Topic: Medicare and genetic testing

Forum: Genetic Testing — ATM, BARD1, BRCA1, BRCA2, BRIP1, CDH1, CHEK2, NBN, NF1, PALB2, PTEN, RAD51C, RAD51D, STK11, TP53, mismatch repair genes (MLH1, MSH2, MSH6, PMS2, EPCAM), and VUS (variants of unknown significance)

Posted on: Sep 21, 2022 08:15PM

Posted on: Sep 21, 2022 08:15PM

rainbowmouse wrote:

I just was assessed at the high risk breast clinic and one of the recommendations was genetic testing. I'm all for that but I can't find anywhere whether Medicare covers it or now. I'm just wondering if anyone here has experience with that situation?


Thank you!

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Sep 22, 2022 11:06AM alicebastable wrote:

I had genetic testing because I've had other cancers besides breast, and my BS referred me to their genetic counselor. If I remember correctly, Medicare covered a kind of limited testing the was specific to the cancers I'd had, rather than covering a wide swath of possible mutations for any kind of cancer. The genetic counselor was part of the hospital/clinics I went to for diagnosis, surgery, and treatment - I don't know if Medicare covers independent testing places.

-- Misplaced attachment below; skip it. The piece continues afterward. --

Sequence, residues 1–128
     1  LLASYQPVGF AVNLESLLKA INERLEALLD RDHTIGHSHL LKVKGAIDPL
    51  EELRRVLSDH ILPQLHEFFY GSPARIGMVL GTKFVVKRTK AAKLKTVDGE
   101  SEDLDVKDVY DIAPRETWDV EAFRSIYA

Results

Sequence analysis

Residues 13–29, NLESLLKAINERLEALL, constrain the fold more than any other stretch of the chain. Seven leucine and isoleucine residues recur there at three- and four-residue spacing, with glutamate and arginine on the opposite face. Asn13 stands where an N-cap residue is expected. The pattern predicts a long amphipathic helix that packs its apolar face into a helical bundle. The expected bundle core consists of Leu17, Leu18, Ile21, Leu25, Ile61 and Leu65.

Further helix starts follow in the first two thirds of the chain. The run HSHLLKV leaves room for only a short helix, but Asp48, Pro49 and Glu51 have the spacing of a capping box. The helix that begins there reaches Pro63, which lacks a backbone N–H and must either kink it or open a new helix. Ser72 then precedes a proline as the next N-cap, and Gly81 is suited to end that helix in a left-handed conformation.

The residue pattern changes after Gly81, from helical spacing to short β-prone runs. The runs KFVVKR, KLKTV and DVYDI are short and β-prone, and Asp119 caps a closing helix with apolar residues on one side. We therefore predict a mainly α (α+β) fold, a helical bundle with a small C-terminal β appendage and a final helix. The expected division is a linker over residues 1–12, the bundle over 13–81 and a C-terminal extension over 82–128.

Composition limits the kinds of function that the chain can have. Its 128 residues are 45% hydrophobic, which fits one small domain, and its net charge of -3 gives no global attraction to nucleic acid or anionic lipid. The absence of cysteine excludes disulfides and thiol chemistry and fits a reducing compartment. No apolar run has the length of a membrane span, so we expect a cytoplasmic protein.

Ignore treatment info (below) which is a BCO glitch. Do not enter personal information on this site since they grossly mishandled a data breach.
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Sep 22, 2022 11:14AM lw422 wrote:

I think it depends on the type of cancer you have. Ask at the clinic if they can get pre-approval for the tests. I had genetic testing last year but Aetna Medicare Advantage refused to pay and I was never billed for it, either. If you have an advantage plan, contact them or check their website for details.

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Sep 22, 2022 02:14PM finallyoverit wrote:

Regular Medicare (red, white, and blue card) will not pay for genetic testing unless you have been dx with cancer. Medicare Advantage (part C plans) have their own rules and each can be different. If you have one of those plans, your best bet is to call them directly with the name and CPT code of the genetic test your doc wants to order

Dx 10/2011, IDC, Stage IIA, 0/4 nodes, ER+/PR+, HER2- Dx 5/2017, Stage IV, metastasized to bone